Mi & L'au | Live Review

Plus One Magazine (UK) | Alex Lawson

Long live Mi and L'Au

January 9, 2006

There's a great MJ Hibbert song on his latest record which talks about what happens when no one turns up to gigs- the promoter excuses themselves, says they can't work out why the price, internet blogging and 50 fliers didn't work out - and its ace. And as MJ says just ignore it and dance along with the other bands and their three friends.

Which is what happened here. Altogether quite predictable as the still rising Fin/French combo Mi and L'Au are only two records and one Devendra Banhart link into something which shall hopefully blossom with wider recognition and also a fairly warm Friday night wasn't really gonna tempt in too many apart from the most contemplative. But we've all been to you, the barman and an old bloke in a scarf gigs.

But those who did witness it were treated to the funny support delight of Nancy Elizabeth Cunliffe (the posh name completely contradicts her broad Northern accent) who, armed with a small harp, delivers a half hour of largely engaging soporific tunage. Full of quirky little comments and an amusing self-awareness its moments like this that really drag empathy out of the humble gig-goer and you realise what a big step sitting on stage on your own is. Always great with the harp and not too shabby elsewhere definitely investigate, she's easy to look up.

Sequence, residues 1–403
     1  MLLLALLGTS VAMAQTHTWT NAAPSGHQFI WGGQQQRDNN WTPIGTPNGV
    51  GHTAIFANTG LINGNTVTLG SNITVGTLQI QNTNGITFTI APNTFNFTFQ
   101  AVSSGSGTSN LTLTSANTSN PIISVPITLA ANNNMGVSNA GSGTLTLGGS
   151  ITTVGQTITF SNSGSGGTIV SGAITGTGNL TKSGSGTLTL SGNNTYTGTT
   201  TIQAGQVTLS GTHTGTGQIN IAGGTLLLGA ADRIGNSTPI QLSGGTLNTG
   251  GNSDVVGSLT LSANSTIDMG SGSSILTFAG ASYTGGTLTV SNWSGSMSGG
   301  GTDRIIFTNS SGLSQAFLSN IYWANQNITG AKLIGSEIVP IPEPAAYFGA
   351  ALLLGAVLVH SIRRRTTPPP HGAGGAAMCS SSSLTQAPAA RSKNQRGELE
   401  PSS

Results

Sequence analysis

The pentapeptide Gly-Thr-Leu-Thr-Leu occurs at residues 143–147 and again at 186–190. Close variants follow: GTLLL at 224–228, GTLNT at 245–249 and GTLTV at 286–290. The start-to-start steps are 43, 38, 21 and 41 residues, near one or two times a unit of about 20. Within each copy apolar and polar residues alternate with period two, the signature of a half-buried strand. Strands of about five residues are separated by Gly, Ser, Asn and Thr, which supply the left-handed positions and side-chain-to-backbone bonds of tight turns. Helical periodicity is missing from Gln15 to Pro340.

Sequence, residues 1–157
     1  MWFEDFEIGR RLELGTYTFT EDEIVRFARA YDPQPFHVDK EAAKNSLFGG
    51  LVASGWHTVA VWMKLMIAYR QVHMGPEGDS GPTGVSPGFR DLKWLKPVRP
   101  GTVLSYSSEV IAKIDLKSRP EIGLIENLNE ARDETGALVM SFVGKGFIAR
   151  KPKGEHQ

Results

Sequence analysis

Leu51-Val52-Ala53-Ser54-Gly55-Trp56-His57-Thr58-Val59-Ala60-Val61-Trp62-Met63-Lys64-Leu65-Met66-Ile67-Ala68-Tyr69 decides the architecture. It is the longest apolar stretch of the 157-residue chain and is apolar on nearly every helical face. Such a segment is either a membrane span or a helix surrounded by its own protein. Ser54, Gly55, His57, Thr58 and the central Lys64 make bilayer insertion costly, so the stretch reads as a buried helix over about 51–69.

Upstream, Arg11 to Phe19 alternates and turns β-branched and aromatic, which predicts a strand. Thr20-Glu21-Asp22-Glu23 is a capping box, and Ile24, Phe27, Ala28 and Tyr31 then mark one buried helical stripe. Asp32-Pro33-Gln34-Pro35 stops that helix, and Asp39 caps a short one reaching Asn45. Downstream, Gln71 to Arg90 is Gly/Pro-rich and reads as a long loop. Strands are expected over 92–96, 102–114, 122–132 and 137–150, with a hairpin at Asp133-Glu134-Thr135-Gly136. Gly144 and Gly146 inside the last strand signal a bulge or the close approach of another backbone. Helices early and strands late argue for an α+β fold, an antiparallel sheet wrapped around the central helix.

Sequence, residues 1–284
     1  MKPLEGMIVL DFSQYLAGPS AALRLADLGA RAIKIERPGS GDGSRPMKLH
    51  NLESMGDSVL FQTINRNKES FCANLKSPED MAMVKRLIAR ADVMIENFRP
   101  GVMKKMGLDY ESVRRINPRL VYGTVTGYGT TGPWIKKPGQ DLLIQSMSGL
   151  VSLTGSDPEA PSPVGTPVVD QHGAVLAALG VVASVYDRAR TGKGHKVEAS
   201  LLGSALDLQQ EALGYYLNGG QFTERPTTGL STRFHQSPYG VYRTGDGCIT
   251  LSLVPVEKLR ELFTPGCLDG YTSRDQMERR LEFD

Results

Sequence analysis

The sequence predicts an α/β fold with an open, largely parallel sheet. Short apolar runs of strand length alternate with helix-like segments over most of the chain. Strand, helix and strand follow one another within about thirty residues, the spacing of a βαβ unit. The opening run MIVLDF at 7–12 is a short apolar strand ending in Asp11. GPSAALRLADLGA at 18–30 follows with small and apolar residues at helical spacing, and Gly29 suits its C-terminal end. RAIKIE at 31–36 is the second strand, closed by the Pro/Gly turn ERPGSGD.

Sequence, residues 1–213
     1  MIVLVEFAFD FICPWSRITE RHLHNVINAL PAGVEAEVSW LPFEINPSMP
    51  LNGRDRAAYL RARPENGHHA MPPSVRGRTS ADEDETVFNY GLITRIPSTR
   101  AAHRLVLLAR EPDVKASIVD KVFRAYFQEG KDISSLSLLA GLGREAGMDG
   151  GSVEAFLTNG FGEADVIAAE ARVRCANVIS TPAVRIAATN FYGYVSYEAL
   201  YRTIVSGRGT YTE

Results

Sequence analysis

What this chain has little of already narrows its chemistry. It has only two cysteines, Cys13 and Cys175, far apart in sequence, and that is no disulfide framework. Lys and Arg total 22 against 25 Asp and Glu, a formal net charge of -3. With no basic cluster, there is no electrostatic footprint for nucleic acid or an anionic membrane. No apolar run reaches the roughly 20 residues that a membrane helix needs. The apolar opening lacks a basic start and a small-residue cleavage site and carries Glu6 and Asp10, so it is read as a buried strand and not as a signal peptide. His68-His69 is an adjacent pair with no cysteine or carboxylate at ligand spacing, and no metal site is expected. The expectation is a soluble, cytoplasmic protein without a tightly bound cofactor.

And so to the main event. Backed by Cambridge's Fuzzy Knights the startling looking duo begin their hour long set with about ten minutes of noodling - not the best way to engage a small crowd despite the beautiful violin which is less cat and more siren. And from this noodling springs, pretty suddenly, their most beautiful and attractive tune and the opener on their excellent record eponymous record, They Marry. Featuring Mi's soft and enchanting tones it questions the marital bond over an irresistible tune and sets a high standard for the rest of the album. Here it helps guide the set into something special, luckily avoiding their tendency often to wash over the listener with a precision in their musicianship which is easily visible even from the back of the room. To see a band who love their music is always a pleasure and the intense concentration of the band throughout the set, only stopping to thank their backing band in faltering English, help betray this feeling.

It may not have been the most spectacular gig, or even the most memorable but for that hour (and only an hour, stupid club nights cutting into gigs, I hate it) it was enchanting, heart-warming and fascinating. Long live Mi and L'Au, please return to the Social and next time we'll hope for better attendance.